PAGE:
In all of this political and military maneuvering, has any leader actually taken a moment to think about what Syrians would be willing to live with?
The challenge of Putin as well as ISIS requires an answer beyond avoidance and containment. The threat is immediate but also the challenge to the rule of law and the ideology upon which free and democratic states have prospered as societies and economies over the last few decades.
It seems fashionable in some circles to praise Vladimir Putin, the President of Russia, for being some sort of a hero for world peace and justice.
United States policy in Syria insists that President Bashar al-Assad must go. But if the U.S. succeeds and the Assad government is scattered to the wind it raises the question: Who will defend the ethnic and religious minorities in Syria from the Islamic State, the al-Nusra Front, and all the other heavily armed homicidal maniacs that already control nearly half the country?
However well intentioned the West is in its goal of removing dictatorships and helping the humanitarian crisis in Syria, its refusal to send troops and aggressively engage militarily can only mean that Russia will continue to have an ally in Syria and will be at the forefront of the war against ISIS.
Vladimir Putin, the President of Russia, is making trouble. Big trouble. The United States has been leading a military coalition of some 60 countries in conducting bombing missions inside of Syria against terrorist groups such as ISIS.
Kremlinologists are once again trying to divine Putin's motives. Is he truly out to recreate as much of the Soviet Union as he can?
Putin may be a child of the KGB but he is also a son of mother Russia and he has an uncanny knack for knowing what characteristics Russians want to see in their leaders.
The Oslo Accords and its attendant peace process came into the world with a bang 22 years ago. This past week they exited with a sad whimper.
We may look back on this week as one of the true nadirs in America's post-9/11 efforts to lead the world, a series of events that make the failures of America's shallow strategies, of both Republican and Democratic administrations. It is a particular low point for President Obama.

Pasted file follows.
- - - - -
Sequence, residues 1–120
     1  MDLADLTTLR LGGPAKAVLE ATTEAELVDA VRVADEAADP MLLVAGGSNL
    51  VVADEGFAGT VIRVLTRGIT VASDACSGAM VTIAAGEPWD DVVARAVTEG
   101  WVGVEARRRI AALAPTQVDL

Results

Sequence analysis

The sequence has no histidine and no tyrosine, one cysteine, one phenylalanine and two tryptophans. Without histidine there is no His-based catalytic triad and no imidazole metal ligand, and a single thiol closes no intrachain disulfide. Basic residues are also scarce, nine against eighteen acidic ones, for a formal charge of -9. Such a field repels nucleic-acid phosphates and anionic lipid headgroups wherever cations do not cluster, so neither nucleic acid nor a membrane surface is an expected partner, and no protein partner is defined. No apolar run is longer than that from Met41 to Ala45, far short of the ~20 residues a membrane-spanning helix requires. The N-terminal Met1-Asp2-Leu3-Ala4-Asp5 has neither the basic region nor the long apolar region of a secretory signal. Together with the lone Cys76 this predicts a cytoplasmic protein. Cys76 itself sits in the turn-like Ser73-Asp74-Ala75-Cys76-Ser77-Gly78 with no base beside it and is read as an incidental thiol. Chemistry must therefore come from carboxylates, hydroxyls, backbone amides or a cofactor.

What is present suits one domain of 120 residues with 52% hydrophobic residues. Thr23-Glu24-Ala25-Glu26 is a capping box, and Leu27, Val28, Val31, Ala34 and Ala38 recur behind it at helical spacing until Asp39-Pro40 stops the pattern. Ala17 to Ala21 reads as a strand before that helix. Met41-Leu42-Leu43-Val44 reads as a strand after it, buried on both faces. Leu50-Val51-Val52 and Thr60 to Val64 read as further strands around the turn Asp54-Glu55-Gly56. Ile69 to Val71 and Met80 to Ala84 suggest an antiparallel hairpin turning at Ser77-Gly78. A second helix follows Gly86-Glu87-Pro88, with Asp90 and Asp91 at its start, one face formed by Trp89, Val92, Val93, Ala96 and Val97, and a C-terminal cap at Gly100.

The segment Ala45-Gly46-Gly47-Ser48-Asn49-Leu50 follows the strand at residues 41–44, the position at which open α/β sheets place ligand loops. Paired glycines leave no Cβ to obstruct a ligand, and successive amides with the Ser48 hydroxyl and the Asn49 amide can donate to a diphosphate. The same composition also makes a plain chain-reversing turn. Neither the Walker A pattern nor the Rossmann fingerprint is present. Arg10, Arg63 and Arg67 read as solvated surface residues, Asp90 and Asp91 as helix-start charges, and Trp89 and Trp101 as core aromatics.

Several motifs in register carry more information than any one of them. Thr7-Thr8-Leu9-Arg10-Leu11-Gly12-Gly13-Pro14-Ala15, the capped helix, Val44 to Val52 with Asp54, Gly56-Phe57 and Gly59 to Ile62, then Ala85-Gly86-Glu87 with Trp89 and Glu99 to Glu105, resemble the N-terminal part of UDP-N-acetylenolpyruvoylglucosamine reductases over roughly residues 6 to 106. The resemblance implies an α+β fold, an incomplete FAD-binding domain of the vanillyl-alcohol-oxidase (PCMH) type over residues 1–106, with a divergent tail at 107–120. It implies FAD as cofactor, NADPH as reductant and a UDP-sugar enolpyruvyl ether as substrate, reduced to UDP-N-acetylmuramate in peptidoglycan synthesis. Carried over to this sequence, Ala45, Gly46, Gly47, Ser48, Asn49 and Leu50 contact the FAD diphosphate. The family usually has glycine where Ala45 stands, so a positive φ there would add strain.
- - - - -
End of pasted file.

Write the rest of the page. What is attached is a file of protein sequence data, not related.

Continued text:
After a two-year absence from the international stage -- during which the mainstream media dispatched them to the realm of nonexistent entities -- on October 1 the "moderate rebels" of Syria were back. The New York Times said so. Russian attacks were targeting moderates rather than ISIS, a man with a camera was quoted saying; and the Times story by Anne Barnard appeared to confirm his suspicion; even as a companion report on Russian actions in Syria by Helene Cooper, Michael R. Gordon, and Neil MacFarquhar revealed that these are the same moderates who were carefully vetted by the CIA, and concerning whom little was heard ever after. Their numbers are put at 3,000 to 5,000, though the Cooper-Gordon-MacFarquhar article leaves uncertain if that is their original or their present strength.
This week the refugee crisis caused by Syria's horrific civil war moved to the next stage. Though prompted into action to curb the carnage, the U.S. and Russia are at odds over whom to bolster and whom to bomb. With no end to the conflict in sight, the influx of asylum seekers in Europe continues to swell and the prospect of permanent settlement there for the displaced grows. In even the most welcoming countries a political backlash is in the making. German Chancellor Angela Merkel's popularity at home is falling for the first time as compassion reaches its limits. In Sweden, the anti-immigrant right-wing party now tops the polls. (continued)
No world leader sends at least 32 combat aircraft, a couple dozen helicopters, and up to 2,000 advisers into a foreign land in the middle of a civil war if they don't mean business.
The world community possesses the ability to end the abominable war in Syria. The only question is whether it possesses the will to do it.
What is most diabolical about Putin's orchestrated defense of Assad wrapped in an anti-ISIS appeal is how much his brazen assessment is gaining traction in the least likely of places -- western Europe.
This catastrophic funding crisis risks condemning generations of refugees to live in camps indefinitely. If the GCC could match aid for Syrians to the economic assistance it donates to friendly governments, the impact could be huge.